Heather Cosel | EurekAlert!
Further information:
http://www.cshl.org/

More articles from Life Sciences:

nachricht A novel socio-ecological approach helps identifying suitable wolf habitats
17.02.2017 | Universität Zürich

nachricht New, ultra-flexible probes form reliable, scar-free integration with the brain
16.02.2017 | University of Texas at Austin

All articles from Life Sciences >>>

The most recent press releases about innovation >>>

Die letzten 5 Focus-News des innovations-reports im Überblick:

Im Focus: Breakthrough with a chain of gold atoms

In the field of nanoscience, an international team of physicists with participants from Konstanz has achieved a breakthrough in understanding heat transport

In the field of nanoscience, an international team of physicists with participants from Konstanz has achieved a breakthrough in understanding heat transport

Im Focus: DNA repair: a new letter in the cell alphabet

Results reveal how discoveries may be hidden in scientific “blind spots”

Cells need to repair damaged DNA in our genes to prevent the development of cancer and other diseases. Our cells therefore activate and send “repair-proteins”...

Im Focus: Dresdner scientists print tomorrow’s world

The Fraunhofer IWS Dresden and Technische Universität Dresden inaugurated their jointly operated Center for Additive Manufacturing Dresden (AMCD) with a festive ceremony on February 7, 2017. Scientists from various disciplines perform research on materials, additive manufacturing processes and innovative technologies, which build up components in a layer by layer process. This technology opens up new horizons for component design and combinations of functions. For example during fabrication, electrical conductors and sensors are already able to be additively manufactured into components. They provide information about stress conditions of a product during operation.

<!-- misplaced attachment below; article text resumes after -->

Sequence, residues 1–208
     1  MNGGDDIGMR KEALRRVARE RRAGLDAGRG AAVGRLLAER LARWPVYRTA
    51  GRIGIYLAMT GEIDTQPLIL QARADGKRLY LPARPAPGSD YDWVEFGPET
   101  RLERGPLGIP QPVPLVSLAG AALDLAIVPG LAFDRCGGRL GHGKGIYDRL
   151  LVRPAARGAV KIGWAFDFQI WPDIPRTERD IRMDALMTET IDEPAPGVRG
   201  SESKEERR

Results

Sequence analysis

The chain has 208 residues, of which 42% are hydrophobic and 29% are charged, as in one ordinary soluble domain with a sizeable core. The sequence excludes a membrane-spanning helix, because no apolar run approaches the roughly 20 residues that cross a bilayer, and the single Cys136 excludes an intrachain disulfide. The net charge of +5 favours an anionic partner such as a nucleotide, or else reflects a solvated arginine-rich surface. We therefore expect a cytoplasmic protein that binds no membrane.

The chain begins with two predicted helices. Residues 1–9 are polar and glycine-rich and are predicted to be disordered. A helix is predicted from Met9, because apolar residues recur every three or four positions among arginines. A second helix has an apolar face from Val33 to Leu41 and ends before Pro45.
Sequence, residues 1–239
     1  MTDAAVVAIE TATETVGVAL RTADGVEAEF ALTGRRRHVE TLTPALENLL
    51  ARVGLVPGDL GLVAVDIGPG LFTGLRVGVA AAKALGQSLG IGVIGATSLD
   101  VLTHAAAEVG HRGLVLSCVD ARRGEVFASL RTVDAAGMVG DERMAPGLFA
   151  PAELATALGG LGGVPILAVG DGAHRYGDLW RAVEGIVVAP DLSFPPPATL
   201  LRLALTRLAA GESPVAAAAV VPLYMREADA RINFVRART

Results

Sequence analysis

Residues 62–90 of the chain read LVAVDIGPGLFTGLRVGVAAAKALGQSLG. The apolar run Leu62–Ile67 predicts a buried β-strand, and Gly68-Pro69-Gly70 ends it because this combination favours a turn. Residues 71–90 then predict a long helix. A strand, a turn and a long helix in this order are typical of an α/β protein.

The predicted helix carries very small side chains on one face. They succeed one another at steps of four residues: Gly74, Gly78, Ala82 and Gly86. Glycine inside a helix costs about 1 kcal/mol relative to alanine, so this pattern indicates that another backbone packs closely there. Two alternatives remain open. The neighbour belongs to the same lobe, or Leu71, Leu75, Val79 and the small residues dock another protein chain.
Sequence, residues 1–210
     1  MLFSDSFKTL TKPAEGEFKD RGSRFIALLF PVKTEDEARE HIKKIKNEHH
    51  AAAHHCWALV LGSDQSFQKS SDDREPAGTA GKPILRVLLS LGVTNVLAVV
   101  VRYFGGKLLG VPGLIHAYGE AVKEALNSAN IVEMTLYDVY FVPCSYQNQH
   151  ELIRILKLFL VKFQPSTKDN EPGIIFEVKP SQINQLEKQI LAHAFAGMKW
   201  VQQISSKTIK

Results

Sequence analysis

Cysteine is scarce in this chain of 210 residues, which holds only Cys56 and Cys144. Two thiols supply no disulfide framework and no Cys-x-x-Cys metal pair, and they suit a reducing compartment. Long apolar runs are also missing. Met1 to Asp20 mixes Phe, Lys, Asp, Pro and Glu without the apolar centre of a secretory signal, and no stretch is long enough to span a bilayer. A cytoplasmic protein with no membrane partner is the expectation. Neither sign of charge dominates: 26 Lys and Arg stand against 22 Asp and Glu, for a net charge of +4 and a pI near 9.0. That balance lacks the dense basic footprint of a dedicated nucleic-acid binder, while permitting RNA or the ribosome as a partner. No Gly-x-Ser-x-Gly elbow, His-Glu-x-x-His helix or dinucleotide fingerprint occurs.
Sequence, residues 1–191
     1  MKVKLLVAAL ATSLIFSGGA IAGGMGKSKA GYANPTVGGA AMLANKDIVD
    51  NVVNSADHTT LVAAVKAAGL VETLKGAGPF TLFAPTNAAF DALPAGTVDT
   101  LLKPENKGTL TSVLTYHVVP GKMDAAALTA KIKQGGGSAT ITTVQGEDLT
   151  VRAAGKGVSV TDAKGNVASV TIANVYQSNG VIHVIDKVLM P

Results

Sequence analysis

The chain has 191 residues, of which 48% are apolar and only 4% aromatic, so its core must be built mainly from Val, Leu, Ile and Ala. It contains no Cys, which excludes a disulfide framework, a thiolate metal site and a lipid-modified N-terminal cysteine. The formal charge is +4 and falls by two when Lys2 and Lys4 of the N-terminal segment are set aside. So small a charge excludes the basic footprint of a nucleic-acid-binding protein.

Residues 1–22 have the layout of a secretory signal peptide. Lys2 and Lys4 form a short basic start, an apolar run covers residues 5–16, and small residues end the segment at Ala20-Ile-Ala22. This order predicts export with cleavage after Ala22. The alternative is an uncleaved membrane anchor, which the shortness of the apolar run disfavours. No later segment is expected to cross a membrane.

The 3D-printing technology, or additive manufacturing as it is often called, has long made the step out of scientific research laboratories into industrial...

Im Focus: Mimicking nature's cellular architectures via 3-D printing

Research offers new level of control over the structure of 3-D printed materials

Nature does amazing things with limited design materials. Grass, for example, can support its own weight, resist strong wind loads, and recover after being...

Im Focus: Three Magnetic States for Each Hole

Nanometer-scale magnetic perforated grids could create new possibilities for computing. Together with international colleagues, scientists from the Helmholtz Zentrum Dresden-Rossendorf (HZDR) have shown how a cobalt grid can be reliably programmed at room temperature. In addition they discovered that for every hole ("antidot") three magnetic states can be configured. The results have been published in the journal "Scientific Reports".

Physicist Dr. Rantej Bali from the HZDR, together with scientists from Singapore and Australia, designed a special grid structure in a thin layer of cobalt in...

All Focus news of the innovation-report >>>

Anzeige

Anzeige

Event News

Booth and panel discussion – The Lindau Nobel Laureate Meetings at the AAAS 2017 Annual Meeting

13.02.2017 | Event News

Complex Loading versus Hidden Reserves

10.02.2017 | Event News

International Conference on Crystal Growth in Freiburg

09.02.2017 | Event News

 
Latest News

Biocompatible 3-D tracking system has potential to improve robot-assisted surgery

17.02.2017 | Medical Engineering

Real-time MRI analysis powered by supercomputers

17.02.2017 | Medical Engineering

Antibiotic effective against drug-resistant bacteria in pediatric skin infections

17.02.2017 | Health and Medicine

VideoLinks
B2B-VideoLinks
More VideoLinks >>>